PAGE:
OK, what do you think of your Oakland Athletics now? They may end up being players in the American League West after all. Their pitching is deep, their lineup competitive. Isn't that the bottom line in all of this?
Don't you love A's general manager Billy Beane? You have to, right? It's not just his vision, insight and judgment, either. There are plenty of those things, but there's something else, probably his single best trait: He's absolutely fearless.
He also has the ability to ignore the noise. He's been doing this stuff long enough that he trusts his judgment and that of his assistants. That's the lesson of this offseason in which Beane has taken the A's apart and put them back together again.
And he has put them back together. That's the thing that Saturday's trade, in which the A's acquired Ben Zobrist and Yunel Escobar from the Rays for catcher John Jaso, Minor League shortstop Daniel Robertson and outfielder Boog Powell, made clear. The A's are not rebuilding. The A's were never rebuilding.
Beane set out to do two things: replenish his farm system and keep the Major League team competitive. He appears to have done that.
Where the A's line up in the AL West is tougher to know. The Angels and Mariners appear to have separated themselves from the pack. The Rangers are an unknown quantity, given the number of players recovering from injuries. The Astros are getting better, but there's still work to do.
This collection of arms is so impressive it appears similar to the pitching Beane acquired three years ago when he last remade his roster. That remake resulted in 94 victories and a division championship.
Beane has a completely new set of corner infielders, with Brett Lawrie taking over at third and Ike Davis at first, and added veteran Billy Butler at designated hitter. He put what might be the finishing touch, for now, on his Opening Day lineup on Saturday.
In Escobar, he has a defensive shortstop who was as good as any in the AL in 2013. His defensive range declined in '14, but the A's believe he'll be the guy he has been for most of his career.
As for Zobrist, if there was ever a guy born to play for the A's, it's this one. He can play almost any position, most of them well. He's coming off a season in which he had 34 doubles, 10 home runs, 10 stolen bases and 75 walks.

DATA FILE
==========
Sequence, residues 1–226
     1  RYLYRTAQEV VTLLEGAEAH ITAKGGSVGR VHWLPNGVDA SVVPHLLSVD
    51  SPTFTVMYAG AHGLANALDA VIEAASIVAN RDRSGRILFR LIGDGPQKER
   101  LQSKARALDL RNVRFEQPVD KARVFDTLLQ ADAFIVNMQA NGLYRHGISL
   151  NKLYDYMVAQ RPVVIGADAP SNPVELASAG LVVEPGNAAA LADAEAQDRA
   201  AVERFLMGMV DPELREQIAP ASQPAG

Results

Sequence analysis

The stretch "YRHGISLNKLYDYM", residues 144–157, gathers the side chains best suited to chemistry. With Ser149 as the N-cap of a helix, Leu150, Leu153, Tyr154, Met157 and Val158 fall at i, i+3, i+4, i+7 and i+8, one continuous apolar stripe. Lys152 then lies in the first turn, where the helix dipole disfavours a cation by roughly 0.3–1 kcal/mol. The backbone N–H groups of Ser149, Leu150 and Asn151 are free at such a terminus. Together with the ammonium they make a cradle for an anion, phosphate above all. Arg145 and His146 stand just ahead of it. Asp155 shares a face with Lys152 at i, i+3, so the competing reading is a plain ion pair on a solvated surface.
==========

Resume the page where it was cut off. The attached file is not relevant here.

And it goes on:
He could open the season as Oakland's starting second baseman, or he could move to left field. Or he could do both -- depending on the matchup.
Zobrist gives A's manager Bob Melvin great flexibility in playing the matchup game. Rather than count on 24-year-old Marcus Semien, who was acquired from the White Sox, to be the everyday shortstop, Semien may end up with a role similar to Zobrist's. He, too, can play short or second -- and almost certainly will end up taking balls in the outfield, as well.
The Rays will be younger in 2015, but like the A's, they have enough pitching to stay competitive. If rookie Steven Souza, who was acquired in the Myers trade, is as good as the Rays believe, they could compete in an AL East that could be the closest division in baseball.
As for the A's, let's not presume Beane is done dealing, because he never is. But he appears to have a team good enough to play meaningful games in September. It is not going to be widely picked to finish ahead of the Angels or Mariners, but that stuff is meaningless.
The A's have made so many changes that it'll take some time to figure out how all the pieces fit. Likewise, the players will need some time to adjust to one another and make the transition from being a collection of interesting pieces to a team.
That's where Melvin figures into the equation. No manager is better at transforming a group of individuals into a cohesive team.
Beane will freely acknowledge that no trade comes with a guarantee, that all of them have some risk. Yes, even good, smart, sound decisions sometimes turn out all wrong.
It was a thing of beauty last summer when Beane went all in, making trades to acquire Jon Lester (for Cespedes), Samardzija and Jason Hammel. He appeared to have given the A's a decent shot of playing deep into October. Turns out, he was wrong.
The A's were 66-41 and leading the AL West by 2 1/2 games on the morning he made the last of those deals. They fell apart, going 22-33 and losing 12 1/2 games in the standings.
They made the playoffs for a third straight year, but lost an incredible 9-8, 12-inning Wild Card Game in Kansas City. That was a fitting ending to a bitterly disappointing second half.
Beane then looked at a roster that had finished 10 games behind the Angels and was going to lose Lester and Hammel in free agency. He didn't think the A's could be competitive in 2015 by being timid. At the Winter Meetings, amid a swirl of deals, his hotel suite looked like a bunker with food wrappers and soda cans strewn about.
In the middle of it all was Beane. He did a good imitation of a guy having the time of his life. He seemed to love that people were doubting him and that there was this notion of the A's sliding off the map.
That was never what he had in mind. He said that all along, and he reminded us of that on Saturday.
Richard Justice is a columnist for MLB.com. Read his blog, Justice4U. This story was not subject to the approval of Major League Baseball or its clubs.